April 8, 7:52am
23, 19 N / 080, 23 W
The sun is rising just off Isbjorn's starboard quarter. Greg and I are on watch, one hour yet to go. This is the best watch, the transition from night to day, another 24 hours in the bank. The ocean here, now into the Straights of Florida, is mirror calm. You could easily slalom ski.
It's been motor-on-motor-off for the past 24 hours, and it looks like the pattern might continue for the next. So far, including charging the batteries, we've run the engine 28 hours, about 10-12 of that actually under way and propelling us forward. Otherwise it's been fine light-air sailing.
"Is the tack of the mainsail supposed to be loose like that?" Rob asked yesterday afternoon while he was at the helm. No! The tack is secured to a vertical pin that in turn secures the boom to the mast at the gooseneck. It's this vertical pin that allows horizontal articulation of the boom. It was dangling from the mainsail tack about 3 inches above where it was meant to be. The fact that the boom remained in the gooseneck at all is some kind of luck!
Thankfully it was also mirror calm when this happened. I ran below and grabbed an old mast thru-bolt that had previously been used for the runners (and since replaced by a titanium version when we installed the Colligo cheeky tangs). As luck would have it, the bolt was exactly the right diameter, just a few inches too long, which hardly mattered. We tapped it home to re-secure the boom, and I lashed the tack to the top of the boom and in 20 minutes we were back in business.
The old pin failed at a weld. On the bottom, a thick washer was welded to the pin to prevent it from pulling up through the gooseneck. When this weld failed, thanks to the constant upward pull from the mainsail tack and halyard, the whole pin pulled out. We'll look for a welder in Havana to properly fix it (and hopefully get a roundabout cultural experience in the adventure!)
Speaking of Cuba, the crew, myself included, are getting increasingly excited about our landfall. We sailed over 900 miles to get to this point, in great weather, and thoughts have now shifted to coffee, cigars, rum & Habana Viejo, the old city. Fred wisely brought along a brand new Lonely Planet guidebook we've been taking turns reading to each other, highlighting some of the places we want to take in. I have a cruising guide by Nigel Calder, but it was written in 1999 and hardly relevant anymore with the quickly changing Cuban situation!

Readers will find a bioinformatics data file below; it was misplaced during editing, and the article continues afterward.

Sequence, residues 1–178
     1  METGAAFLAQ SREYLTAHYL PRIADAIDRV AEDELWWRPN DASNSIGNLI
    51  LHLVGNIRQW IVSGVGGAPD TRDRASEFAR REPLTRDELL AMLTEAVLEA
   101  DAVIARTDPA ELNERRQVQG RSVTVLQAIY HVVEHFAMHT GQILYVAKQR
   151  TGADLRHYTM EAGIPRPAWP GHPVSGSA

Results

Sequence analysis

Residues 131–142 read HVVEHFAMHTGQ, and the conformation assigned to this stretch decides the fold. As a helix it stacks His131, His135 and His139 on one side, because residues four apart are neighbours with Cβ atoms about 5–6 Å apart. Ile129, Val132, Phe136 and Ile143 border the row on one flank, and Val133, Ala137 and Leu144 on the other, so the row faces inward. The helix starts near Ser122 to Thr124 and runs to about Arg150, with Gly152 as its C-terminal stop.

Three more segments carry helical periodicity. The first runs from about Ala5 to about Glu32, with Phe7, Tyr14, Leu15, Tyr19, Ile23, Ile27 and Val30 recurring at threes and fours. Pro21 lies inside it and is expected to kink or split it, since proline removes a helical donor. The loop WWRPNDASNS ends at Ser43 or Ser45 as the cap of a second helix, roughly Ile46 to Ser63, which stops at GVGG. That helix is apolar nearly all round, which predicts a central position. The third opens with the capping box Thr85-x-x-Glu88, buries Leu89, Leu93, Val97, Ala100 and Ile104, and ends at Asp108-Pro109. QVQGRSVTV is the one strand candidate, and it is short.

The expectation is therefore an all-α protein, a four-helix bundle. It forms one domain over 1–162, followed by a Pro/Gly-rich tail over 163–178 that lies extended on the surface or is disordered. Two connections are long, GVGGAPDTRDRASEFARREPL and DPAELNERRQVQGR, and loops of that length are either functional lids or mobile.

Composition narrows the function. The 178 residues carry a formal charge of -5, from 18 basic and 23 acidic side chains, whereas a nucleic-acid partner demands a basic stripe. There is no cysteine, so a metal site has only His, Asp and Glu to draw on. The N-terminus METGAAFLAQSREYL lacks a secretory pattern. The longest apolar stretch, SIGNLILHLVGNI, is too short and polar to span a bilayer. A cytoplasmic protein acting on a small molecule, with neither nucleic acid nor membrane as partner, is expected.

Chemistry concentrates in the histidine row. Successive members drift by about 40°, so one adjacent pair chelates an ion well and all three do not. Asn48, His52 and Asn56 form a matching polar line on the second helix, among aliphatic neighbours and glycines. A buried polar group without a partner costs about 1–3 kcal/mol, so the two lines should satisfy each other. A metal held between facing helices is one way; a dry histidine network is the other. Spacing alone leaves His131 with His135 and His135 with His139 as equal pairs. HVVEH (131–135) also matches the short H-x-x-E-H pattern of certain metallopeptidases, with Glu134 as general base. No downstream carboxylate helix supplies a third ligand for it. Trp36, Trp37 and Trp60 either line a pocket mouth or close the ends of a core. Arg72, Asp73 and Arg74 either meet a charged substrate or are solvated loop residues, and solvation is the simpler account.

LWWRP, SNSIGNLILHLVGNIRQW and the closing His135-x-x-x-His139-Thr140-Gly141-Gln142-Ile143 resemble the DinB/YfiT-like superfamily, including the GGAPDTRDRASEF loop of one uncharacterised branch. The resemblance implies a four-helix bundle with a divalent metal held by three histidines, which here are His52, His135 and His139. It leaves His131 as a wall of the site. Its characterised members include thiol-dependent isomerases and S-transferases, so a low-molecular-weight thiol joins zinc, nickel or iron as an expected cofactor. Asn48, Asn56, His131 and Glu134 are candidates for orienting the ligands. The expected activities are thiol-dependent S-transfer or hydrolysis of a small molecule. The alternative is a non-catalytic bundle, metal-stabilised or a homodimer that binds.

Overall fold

I always try to avoid thinking into the future when on a long passage, simply to stay in the moment and enjoy the sailing. And not get disappointed if the wind shifts against us or delays our ETA. But on this trip, it is particularly difficult to do that. Havana might be the most exotic landfall I've yet attempted, and the more I read the Lonely Planet, the more excited I get. Cuba wasn't 'real' until now. All the planning and prep that goes into these passages kind of left the actual thought of arriving in Havana on the back burner. I can assure you it's now at the forefront and is mostly what I think about!
This will be the last post from at-sea. We expect to arrive sometime Saturdaymorning, after the dawn, and have been deliberately ghosting along in the light air knowing that we needed to slow down in order to avoid arriving in darkness. Marina Hemingway, with its narrow entrance between two reefs, is no place to enter at night, say the guidebooks.
Before leaving Fajardo I rented a big old Colonial house in the Vedado neighborhood in Havana for the whole crew for three nights, so the plan is to leave the boat at the marina and explore ashore for a few days, really soak up the place as much as we can as visiting residents. Living with the locals also qualifies us under the People-to-People general license that is allowing us to legally go to Cuba in the first place. We also are expecting a warm welcome from Commodore Esrich of the Hemingway International Yacht Club, referred to me by the Cuban ambassador to the US himself, after a lunch meeting with Tom Harkin (more on that later!) But, as for Cuba, that's all I know for now. Our arrival tomorrow will be an adventure indeed, and we're all eagerly awaiting it!
Until next time, Viva Havana!
April 8, 7:52am